US820724630 juil. 200926 juin 2012Xerox CorporationProcesses for producing polyester latexes via solvent-free emulsification
US821160021 août 20113 juil. 2012Xerox CorporationToner compositions
US821160416 juin 20093 juil. 2012Xerox CorporationSelf emulsifying granules and solvent free process for the preparation of emulsions therefrom
US821160727 août 20083 juil. 2012Xerox CorporationToner compositions
US82116115 juin 20093 juil. 2012Xerox CorporationToner process including modifying rheology
US82219486 févr. 200917 juil. 2012Xerox CorporationToner compositions and processes
US82219515 mars 201017 juil. 2012Xerox CorporationToner compositions and methods
US82223136 oct. 200817 juil. 2012Xerox CorporationRadiation curable ink containing fluorescent nanoparticles
US82361986 oct. 20087 août 2012Xerox CorporationFluorescent nanoscale particles
US82471569 sept. 201021 août 2012Xerox CorporationProcesses for producing polyester latexes with improved hydrolytic stability
US825249315 oct. 200828 août 2012Xerox CorporationToner compositions
US82578959 oct. 20094 sept. 2012Xerox CorporationToner compositions and processes
US827351610 juil. 200925 sept. 2012Xerox CorporationToner compositions
US830415617 nov. 20096 nov. 2012Fuji Xerox Co., Ltd.Magenta electrostatic developing toner, developer for electrostatic development, production method of electrostatic developing toner, image forming method and image forming apparatus
US831388414 juil. 201020 nov. 2012Xerox CorporationToner processes utilizing a defoamer as a coalescence aid for continuous and batch emulsion aggregation
US83183989 sept. 201027 nov. 2012Xerox CorporationToner compositions and processes
US833807121 mai 201025 déc. 2012Xerox CorporationProcesses for producing polyester latexes via single-solvent-based emulsification
US835421319 janv. 201015 janv. 2013Xerox CorporationToner compositions
US83672944 mars 20105 févr. 2013Xerox CorporationToner process
US839456624 nov. 201012 mars 2013Xerox CorporationNon-magnetic single component emulsion/aggregation toner composition
US842028627 mars 200816 avr. 2013Xerox CorporationToner process
US84313096 janv. 201230 avr. 2013Xerox CorporationToner compositions
US843571425 juin 20107 mai 2013Xerox CorporationSolvent-free emulsion process using acoustic mixing
US845004022 oct. 200928 mai 2013Xerox CorporationMethod for controlling a toner preparation process
US845517131 mai 20074 juin 2013Xerox CorporationToner compositions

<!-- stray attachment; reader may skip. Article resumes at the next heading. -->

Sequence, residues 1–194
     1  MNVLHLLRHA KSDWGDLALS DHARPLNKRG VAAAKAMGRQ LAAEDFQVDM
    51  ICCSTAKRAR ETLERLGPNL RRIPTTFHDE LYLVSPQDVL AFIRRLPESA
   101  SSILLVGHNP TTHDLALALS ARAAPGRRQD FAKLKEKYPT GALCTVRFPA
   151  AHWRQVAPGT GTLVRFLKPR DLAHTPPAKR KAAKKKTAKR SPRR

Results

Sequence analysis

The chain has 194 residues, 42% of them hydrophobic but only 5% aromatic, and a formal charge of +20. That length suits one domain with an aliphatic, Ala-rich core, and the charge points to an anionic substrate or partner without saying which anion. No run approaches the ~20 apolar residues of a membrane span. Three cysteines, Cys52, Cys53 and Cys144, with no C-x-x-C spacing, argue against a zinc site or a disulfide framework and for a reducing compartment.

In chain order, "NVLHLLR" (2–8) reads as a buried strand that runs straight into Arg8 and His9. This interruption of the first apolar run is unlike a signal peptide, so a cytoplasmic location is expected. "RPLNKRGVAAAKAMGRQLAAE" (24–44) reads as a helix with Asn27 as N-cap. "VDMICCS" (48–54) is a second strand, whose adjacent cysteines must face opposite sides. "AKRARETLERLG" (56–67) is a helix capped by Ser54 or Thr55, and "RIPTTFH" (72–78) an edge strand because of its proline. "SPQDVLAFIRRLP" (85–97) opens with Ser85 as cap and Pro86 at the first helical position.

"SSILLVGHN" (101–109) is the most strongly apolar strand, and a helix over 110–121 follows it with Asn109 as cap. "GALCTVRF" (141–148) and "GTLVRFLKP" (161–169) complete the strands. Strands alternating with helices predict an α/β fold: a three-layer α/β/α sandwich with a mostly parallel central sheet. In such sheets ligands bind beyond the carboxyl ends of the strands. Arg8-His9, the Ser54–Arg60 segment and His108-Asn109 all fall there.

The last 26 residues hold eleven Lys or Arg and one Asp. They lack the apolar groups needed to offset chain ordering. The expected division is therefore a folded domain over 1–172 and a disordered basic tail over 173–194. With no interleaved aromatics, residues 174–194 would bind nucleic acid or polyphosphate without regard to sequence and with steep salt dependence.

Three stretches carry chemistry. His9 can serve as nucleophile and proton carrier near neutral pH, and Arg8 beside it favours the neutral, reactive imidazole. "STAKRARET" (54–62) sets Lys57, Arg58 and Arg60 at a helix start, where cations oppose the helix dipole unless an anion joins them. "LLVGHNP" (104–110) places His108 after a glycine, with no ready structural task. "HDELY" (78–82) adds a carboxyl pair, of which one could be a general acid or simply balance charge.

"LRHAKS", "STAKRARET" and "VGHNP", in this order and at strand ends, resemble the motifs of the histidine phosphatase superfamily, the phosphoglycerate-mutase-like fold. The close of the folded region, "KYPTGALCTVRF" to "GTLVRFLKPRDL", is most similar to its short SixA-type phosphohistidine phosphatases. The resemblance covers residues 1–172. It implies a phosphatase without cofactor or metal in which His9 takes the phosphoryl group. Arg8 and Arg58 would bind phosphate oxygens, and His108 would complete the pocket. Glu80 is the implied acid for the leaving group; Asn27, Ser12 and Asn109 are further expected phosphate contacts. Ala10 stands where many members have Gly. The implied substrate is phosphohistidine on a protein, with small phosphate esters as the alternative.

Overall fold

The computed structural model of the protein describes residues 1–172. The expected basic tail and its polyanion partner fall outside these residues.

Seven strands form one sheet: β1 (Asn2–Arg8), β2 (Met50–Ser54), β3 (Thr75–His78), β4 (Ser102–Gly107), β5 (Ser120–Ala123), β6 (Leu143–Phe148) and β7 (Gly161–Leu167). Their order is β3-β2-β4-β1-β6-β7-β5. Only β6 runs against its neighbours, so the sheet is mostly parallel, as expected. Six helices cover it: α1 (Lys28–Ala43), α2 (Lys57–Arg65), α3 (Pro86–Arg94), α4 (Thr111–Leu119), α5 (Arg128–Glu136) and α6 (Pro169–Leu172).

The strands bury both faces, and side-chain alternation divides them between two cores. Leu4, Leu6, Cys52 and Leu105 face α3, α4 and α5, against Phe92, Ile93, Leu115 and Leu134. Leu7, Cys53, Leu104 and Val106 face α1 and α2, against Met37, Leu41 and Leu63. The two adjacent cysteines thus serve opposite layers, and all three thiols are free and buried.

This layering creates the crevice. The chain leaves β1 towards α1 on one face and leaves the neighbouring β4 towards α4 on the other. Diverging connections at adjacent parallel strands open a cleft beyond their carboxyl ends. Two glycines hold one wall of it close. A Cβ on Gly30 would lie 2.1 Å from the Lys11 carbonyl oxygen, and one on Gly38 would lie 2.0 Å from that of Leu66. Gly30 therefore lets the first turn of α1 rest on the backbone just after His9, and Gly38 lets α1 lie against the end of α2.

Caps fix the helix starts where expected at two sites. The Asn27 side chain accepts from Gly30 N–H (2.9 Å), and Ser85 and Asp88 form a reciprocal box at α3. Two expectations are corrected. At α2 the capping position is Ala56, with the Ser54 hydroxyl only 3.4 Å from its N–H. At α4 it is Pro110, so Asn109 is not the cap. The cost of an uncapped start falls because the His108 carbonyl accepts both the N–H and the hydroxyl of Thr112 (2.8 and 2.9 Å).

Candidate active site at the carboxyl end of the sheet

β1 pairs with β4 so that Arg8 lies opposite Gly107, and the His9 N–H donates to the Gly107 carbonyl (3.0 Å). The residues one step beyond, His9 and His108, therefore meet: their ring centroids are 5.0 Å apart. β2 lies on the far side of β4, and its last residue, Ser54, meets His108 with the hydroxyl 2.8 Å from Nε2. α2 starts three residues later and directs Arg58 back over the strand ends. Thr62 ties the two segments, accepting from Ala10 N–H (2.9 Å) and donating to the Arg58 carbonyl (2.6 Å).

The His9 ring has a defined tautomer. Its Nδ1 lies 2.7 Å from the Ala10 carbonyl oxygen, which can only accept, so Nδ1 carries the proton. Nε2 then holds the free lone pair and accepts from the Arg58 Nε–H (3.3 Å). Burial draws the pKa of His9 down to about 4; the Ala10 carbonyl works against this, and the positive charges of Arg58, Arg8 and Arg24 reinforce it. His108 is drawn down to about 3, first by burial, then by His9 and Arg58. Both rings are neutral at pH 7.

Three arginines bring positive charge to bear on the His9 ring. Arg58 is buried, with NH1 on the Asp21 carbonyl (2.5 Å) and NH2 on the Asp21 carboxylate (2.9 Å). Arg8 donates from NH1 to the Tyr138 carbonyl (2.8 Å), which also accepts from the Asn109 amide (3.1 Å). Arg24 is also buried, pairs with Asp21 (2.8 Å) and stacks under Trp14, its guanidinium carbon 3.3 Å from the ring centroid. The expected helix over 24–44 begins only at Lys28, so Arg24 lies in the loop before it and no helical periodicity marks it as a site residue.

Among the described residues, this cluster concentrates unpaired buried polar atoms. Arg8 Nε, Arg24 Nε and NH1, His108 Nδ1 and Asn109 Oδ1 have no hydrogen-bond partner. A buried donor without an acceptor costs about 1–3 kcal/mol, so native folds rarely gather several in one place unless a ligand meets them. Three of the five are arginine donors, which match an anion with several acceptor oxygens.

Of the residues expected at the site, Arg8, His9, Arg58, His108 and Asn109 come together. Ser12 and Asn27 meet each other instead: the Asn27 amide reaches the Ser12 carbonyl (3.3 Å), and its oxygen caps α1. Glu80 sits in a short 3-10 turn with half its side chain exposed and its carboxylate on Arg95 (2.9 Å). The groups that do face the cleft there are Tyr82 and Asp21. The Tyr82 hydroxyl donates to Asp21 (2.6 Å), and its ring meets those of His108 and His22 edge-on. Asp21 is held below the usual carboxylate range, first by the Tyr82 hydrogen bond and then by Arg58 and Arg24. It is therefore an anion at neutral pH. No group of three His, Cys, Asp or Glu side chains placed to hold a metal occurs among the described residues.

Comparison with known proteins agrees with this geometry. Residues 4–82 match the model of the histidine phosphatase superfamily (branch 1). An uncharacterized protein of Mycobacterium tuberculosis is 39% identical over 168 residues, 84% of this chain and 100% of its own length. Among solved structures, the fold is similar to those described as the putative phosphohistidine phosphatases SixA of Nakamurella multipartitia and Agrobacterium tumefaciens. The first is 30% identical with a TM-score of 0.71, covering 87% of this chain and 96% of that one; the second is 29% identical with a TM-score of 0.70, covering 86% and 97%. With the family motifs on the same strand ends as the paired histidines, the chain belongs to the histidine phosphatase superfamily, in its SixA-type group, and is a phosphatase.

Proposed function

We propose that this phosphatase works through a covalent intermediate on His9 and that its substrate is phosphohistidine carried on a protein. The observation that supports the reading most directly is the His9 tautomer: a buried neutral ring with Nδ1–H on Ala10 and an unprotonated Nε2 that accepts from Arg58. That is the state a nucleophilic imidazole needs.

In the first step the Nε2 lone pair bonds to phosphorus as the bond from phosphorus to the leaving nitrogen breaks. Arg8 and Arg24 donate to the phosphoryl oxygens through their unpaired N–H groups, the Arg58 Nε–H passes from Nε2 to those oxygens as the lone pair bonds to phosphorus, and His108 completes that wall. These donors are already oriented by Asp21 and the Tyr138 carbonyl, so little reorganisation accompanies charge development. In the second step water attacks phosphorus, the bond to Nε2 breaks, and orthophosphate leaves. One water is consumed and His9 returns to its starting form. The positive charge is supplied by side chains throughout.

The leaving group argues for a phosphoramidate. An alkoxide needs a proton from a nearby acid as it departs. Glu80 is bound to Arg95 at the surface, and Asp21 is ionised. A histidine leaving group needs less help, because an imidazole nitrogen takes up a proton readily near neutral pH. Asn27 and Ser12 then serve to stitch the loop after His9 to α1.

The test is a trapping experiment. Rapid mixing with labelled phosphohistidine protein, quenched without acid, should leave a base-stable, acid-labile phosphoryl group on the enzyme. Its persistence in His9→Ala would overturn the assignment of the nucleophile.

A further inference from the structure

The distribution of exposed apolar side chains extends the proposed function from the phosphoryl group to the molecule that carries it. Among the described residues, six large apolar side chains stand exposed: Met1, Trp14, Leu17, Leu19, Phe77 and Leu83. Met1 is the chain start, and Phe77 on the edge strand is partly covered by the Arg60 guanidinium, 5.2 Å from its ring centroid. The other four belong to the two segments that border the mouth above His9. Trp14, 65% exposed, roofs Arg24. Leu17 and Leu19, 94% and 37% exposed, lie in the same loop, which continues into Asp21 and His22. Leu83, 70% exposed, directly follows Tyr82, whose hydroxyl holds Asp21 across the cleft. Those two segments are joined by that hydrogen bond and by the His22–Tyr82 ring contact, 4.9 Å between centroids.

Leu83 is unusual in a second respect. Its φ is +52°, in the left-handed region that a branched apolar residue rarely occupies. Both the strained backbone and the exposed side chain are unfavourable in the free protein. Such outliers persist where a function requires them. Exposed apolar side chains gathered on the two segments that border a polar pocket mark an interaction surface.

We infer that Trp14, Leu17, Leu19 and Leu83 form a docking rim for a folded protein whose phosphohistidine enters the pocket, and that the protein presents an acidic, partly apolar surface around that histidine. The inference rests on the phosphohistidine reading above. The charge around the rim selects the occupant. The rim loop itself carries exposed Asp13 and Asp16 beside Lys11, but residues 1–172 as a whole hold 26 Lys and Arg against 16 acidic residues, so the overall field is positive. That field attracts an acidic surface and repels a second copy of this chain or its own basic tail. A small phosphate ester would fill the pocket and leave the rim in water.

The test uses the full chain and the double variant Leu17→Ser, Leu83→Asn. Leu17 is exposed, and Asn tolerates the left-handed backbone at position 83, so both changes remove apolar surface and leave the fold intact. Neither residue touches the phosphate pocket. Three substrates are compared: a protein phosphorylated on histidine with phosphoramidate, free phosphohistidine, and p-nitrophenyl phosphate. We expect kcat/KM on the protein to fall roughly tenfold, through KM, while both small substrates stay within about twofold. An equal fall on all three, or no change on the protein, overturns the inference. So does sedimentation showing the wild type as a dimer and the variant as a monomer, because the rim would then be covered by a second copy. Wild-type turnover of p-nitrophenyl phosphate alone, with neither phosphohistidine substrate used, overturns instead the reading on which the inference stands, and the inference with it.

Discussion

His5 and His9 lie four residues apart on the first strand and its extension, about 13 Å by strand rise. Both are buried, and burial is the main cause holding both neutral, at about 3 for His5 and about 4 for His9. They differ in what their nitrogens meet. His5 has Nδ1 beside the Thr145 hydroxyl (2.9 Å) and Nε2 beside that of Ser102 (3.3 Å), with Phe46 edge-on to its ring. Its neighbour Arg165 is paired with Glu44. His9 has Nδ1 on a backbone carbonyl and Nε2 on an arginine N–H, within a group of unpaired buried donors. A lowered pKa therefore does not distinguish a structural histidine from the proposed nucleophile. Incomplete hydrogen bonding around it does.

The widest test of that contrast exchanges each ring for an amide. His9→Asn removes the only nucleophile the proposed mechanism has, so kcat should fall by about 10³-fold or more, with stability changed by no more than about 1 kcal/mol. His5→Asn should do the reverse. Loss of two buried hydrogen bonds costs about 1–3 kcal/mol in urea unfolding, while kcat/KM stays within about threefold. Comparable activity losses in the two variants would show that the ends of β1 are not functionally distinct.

US846084814 déc. 201011 juin 2013Xerox CorporationSolvent-free bio-based emulsion
US847599423 août 20112 juil. 2013Xerox CorporationToner compositions
US848660222 oct. 200916 juil. 2013Xerox CorporationToner particles and cold homogenization method
US849206428 oct. 201023 juil. 2013Xerox CorporationMagnetic toner compositions
US849206527 mars 200823 juil. 2013Xerox CorporationLatex processes
US853013127 août 200810 sept. 2013Xerox CorporationToner compositions
US853586627 nov. 200917 sept. 2013Fuji Xerox Co., Ltd.Yellow electrostatic developing toner, developer for electrostatic development, production method of electrostatic developing toner, image forming method and image forming apparatus
US85411546 oct. 200824 sept. 2013Xerox CorporationToner containing fluorescent nanoparticles
US855749321 déc. 201015 oct. 2013Xerox CorporationToner compositions and processes
US85632118 avr. 201122 oct. 2013Xerox CorporationCo-emulsification of insoluble compounds with toner resins
US856362730 juil. 200922 oct. 2013Xerox CorporationSelf emulsifying granules and process for the preparation of emulsions therefrom
US857480224 févr. 20115 nov. 2013Xerox CorporationToner compositions and processes
US857480426 août 20105 nov. 2013Xerox CorporationToner compositions and processes
US85861416 oct. 200819 nov. 2013Xerox CorporationFluorescent solid ink made with fluorescent nanoparticles
US859211524 nov. 201026 nov. 2013Xerox CorporationToner compositions and developers containing such toners
US860372024 févr. 201010 déc. 2013Xerox CorporationToner compositions and processes
US860836719 mai 201017 déc. 2013Xerox CorporationScrew extruder for continuous and solvent-free resin emulsification
US86181925 févr. 201031 déc. 2013Xerox CorporationProcesses for producing polyester latexes via solvent-free emulsification
US864780522 sept. 201011 févr. 2014Xerox CorporationEmulsion aggregation toners having flow aids
US865272011 mai 201118 févr. 2014Xerox CorporationSuper low melt toners
US866356511 févr. 20114 mars 2014Xerox CorporationContinuous emulsification—aggregation process for the production of particles
US867399018 janv. 201218 mars 2014Xerox CorporationProcess of making polyester latex with buffer
US86914858 oct. 20098 avr. 2014Xerox CorporationToner compositions
US86973233 avr. 201215 avr. 2014Xerox CorporationLow gloss monochrome SCD toner for reduced energy toner usage
US870337927 juil. 201222 avr. 2014Xerox CorporationChemical binding of renewable oils to polyester emulsion
US87033809 mai 201322 avr. 2014Xerox CoporationSolvent-free bio-based emulsion
US871589716 nov. 20096 mai 2014Xerox CorporationToner compositions
US873503329 mars 201227 mai 2014Xerox CorporationToner process using acoustic mixer
US87415348 juin 20093 juin 2014Xerox CorporationEfficient solvent-based phase inversion emulsification process with defoamer
US87653457 nov. 20121 juil. 2014Xerox CorporationSustainable toners
US877858415 oct. 200915 juil. 2014Xerox CorporationToner compositions
US878510223 avr. 201222 juil. 2014Xerox CorporationToner compositions
US880234413 déc. 201012 août 2014Xerox CorporationToner processes utilizing washing aid
US887142010 avr. 201328 oct. 2014Xerox CorporationMethod and system for magnetic actuated mixing to prepare latex emulsion
US888958316 sept. 200918 nov. 2014Xerox CorporationCatalyst production
US890078716 mai 20132 déc. 2014Xerox CorporationToner compositions
US891609828 mars 201223 déc. 2014Xerox CorporationContinuous emulsification-aggregation process for the production of particles